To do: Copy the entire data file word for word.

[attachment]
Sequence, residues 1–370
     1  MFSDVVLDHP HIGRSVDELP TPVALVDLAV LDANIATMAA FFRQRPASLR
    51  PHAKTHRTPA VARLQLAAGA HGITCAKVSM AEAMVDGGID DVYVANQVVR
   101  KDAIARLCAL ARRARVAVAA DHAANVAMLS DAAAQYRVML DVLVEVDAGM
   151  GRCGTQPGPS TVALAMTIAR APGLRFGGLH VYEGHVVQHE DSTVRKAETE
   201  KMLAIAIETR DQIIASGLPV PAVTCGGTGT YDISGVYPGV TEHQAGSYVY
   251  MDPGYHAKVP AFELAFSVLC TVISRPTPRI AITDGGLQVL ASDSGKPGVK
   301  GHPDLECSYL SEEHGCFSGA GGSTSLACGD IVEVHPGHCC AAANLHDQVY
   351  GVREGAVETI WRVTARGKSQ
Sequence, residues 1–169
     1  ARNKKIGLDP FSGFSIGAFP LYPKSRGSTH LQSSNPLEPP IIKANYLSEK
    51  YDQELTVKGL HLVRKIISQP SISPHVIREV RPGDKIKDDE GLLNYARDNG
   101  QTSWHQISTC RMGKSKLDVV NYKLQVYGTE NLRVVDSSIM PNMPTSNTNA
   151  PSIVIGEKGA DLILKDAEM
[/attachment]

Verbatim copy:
Sequence, residues 1–370
     1  MFSDVVLDHP HIGRSVDELP TPVALVDLAV LDANIATMAA FFRQRPASLR
    51  PHAKTHRTPA VARLQLAAGA HGITCAKVSM AEAMVDGGID DVYVANQVVR
   101  KDAIARLCAL ARRARVAVAA DHAANVAMLS DAAAQYRVML DVLVEVDAGM
   151  GRCGTQPGPS TVALAMTIAR APGLRFGGLH VYEGHVVQHE DSTVRKAETE
   201  KMLAIAIETR DQIIASGLPV PAVTCGGTGT YDISGVYPGV TEHQAGSYVY
   251  MDPGYHAKVP AFELAFSVLC TVISRPTPRI AITDGGLQVL ASDSGKPGVK
   301  GHPDLECSYL SEEHGCFSGA GGSTSLACGD IVEVHPGHCC AAANLHDQVY
   351  GVREGAVETI WRVTARGKSQ
Sequence, residues 1–169
     1  ARNKKIGLDP FSGFSIGAFP LYPKSRGSTH LQSSNPLEPP IIKANYLSEK
    51  YDQELTVKGL HLVRKIISQP SISPHVIREV RPGDKIKDDE GLLNYARDNG
   101  QTSWHQISTC RMGKSKLDVV NYKLQVYGTE NLRVVDSSIM PNMPTSNTNA
   151  PSIVIGEKGA DLILKDAEM